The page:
CAMES Postgraduate Symposium: Techno-Economic studies of Microgrid for Sustainable Development Goals
The Incubation Programme has yielded some interesting projects, including a Solar Car borne out of the annual Shell Eco-Marathon Asia 2013, where students from various colleges and universities design and build energy-efficient vehicles. This year’s team participated in the prototype category in electric batteries and built the solar vehicle over a period of approximately six months. They found that having first-hand experience with the manufacturing process to be extremely gratifying and that their decision-making and problem-solving skills were improved as well. Working together in a close-knit group also helped them develop a sense of camaraderie and taught them how to work effectively as a team. Although the Shell Eco-Marathon Asia 2013 was ultimately cancelled due to bad weather conditions, the experience and skills they gained made it all worthwhile.
Also taking part in the Incubation programme is Syazwani Haji Yusof, a 3rd year student majoring in Business Administration. The Business Incubation programme is considered full-time training that improves students’ business ideas in terms of their feasibility, scalability and sustainability. Syazwani relates that this Incubation programme involves exercises which lead students through practical steps that would take them closer to making their business ideas a reality. Throughout the programme, students are exposed to both local and international entrepreneurs; in fact, Syazwani states that the most exciting part of the incubation programme is that successful and well-known personalities are invited to share their experiences with the students, such as Indian millionaire, Rahul Mirchandani, and Harvard Business School trainer, John Woo. She feels that the programme is invaluable for any student entrepreneur and that it would aid FUTURE graduates of the programme not only in obtaining employment, but also eventually in actually providing employment for others.
The annual Shell Eco-marathon has evolved into becoming a global event with the first debut in Asia having been hosted in Kuala Lumpur four years ago. The competition invites high school and college students from around the world to apply their knowledge of science and engineering to create ultra-energy-efficient cars, challenging them to designing, building and driving a car to travel the furthest on the least amount of energy. This Eco-marathon helps to inspire engineers and scientists of the FUTURE to turn their vision of sustainable mobility into reality as well as spark passionate debate about what the future of cars on the road holds.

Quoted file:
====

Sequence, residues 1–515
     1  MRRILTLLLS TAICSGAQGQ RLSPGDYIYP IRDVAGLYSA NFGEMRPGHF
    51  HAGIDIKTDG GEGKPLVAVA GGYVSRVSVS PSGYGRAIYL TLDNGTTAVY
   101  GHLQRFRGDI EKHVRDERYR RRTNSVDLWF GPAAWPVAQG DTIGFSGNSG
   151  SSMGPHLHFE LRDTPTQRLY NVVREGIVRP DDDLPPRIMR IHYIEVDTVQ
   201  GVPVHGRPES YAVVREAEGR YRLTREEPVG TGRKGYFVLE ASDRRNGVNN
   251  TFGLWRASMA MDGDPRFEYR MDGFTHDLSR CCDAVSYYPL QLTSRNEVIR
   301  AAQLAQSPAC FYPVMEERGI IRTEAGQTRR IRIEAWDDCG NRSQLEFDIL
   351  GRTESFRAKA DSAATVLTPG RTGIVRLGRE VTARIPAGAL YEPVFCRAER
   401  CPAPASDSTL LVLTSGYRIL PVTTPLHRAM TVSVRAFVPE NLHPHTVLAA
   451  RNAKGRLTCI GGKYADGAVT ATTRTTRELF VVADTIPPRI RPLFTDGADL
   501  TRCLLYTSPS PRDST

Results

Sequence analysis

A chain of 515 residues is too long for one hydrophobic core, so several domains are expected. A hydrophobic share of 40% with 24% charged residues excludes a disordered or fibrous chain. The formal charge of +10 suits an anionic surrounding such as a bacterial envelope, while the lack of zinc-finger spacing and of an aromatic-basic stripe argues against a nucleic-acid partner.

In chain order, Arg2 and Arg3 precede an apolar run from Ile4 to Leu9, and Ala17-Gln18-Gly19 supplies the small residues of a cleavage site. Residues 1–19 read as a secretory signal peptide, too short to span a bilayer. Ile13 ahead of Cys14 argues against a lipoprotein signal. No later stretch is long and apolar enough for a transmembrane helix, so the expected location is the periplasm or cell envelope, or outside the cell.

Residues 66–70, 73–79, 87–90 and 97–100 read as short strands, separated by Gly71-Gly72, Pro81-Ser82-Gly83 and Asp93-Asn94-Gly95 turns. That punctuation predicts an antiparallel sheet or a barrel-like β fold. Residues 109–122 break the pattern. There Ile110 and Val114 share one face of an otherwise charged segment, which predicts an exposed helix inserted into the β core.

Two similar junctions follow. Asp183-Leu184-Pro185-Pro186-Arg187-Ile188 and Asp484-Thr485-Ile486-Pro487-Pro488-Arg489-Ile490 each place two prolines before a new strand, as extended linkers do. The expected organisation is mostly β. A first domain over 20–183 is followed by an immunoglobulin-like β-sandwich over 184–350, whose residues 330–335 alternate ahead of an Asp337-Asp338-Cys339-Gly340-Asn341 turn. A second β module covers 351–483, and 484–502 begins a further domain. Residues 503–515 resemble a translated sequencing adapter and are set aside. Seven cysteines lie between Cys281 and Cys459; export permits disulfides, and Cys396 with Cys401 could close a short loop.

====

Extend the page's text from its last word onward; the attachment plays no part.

The competition is divided into two classes: the UrbanConcept class, which focuses on practical design, and the Prototype class, which emphasises maximum efficiency. Cars enter one of seven categories to run on conventional petrol and diesel, biofuels, fuel made from natural gas (GTL), solar, hydrogen or electricity, where, over several days, teams make five attempts to travel the furthest on the equivalent of one litre of fuel; cars are made to drive a fixed number of laps around the circuit. Organisers then calculate their energy efficiency and name a winner in each class as well as for each energy source, with results for the electrically powered vehicles expressed in km per kilowatt hour (km/kWh) and in km per litre (km/l) for the other energy types.
Team GenNext II of UBD, led by Muhammad Rafiuddin Maidin, attended the event in Manila in early February for their second time and constructed a vehicle to compete in the electricity category. The team decided to name their battery-powered vehicle “Mutiara” as a tribute to Brunei Darussalam’s legendary rooster. Meticulous planning and design of the eco-friendly vehicle spanned over six months and, with a budget of $10, 000, GenNext II was able to complete construction of Mutiara in only three months.
All the hard work paid off as GenNext II was one of 14 out of 17 vehicles that passed the rigorous and strict inspection stage. Despite the heavy competition from prestigious institutions throughout Asia, the team made it into the top ten in the electric battery category, where, after a total of three attempts, the team managed to clock their car at 112.2 km/kWh, which is the best achievement of any preceding Bruneian participant.
The team from UBD will be competing in the next eco-marathon in 2015, although the type of vehicle is yet to be decided. Regardless, GenNext II was satisfied with their achievement in Manila and look forward to participating in the next Shell Eco-marathon.
The first class of the Design and Creative Industries (DCI) programme under the Faculty of Arts and
Universiti Brunei Darussalam (UBD) hosted the first UBD Alumni Talk Series event facilitated by the
Universiti Brunei Darussalam (UBD) alumnus Kelvin Pong Ming Onn marked a key milestone, leading by e
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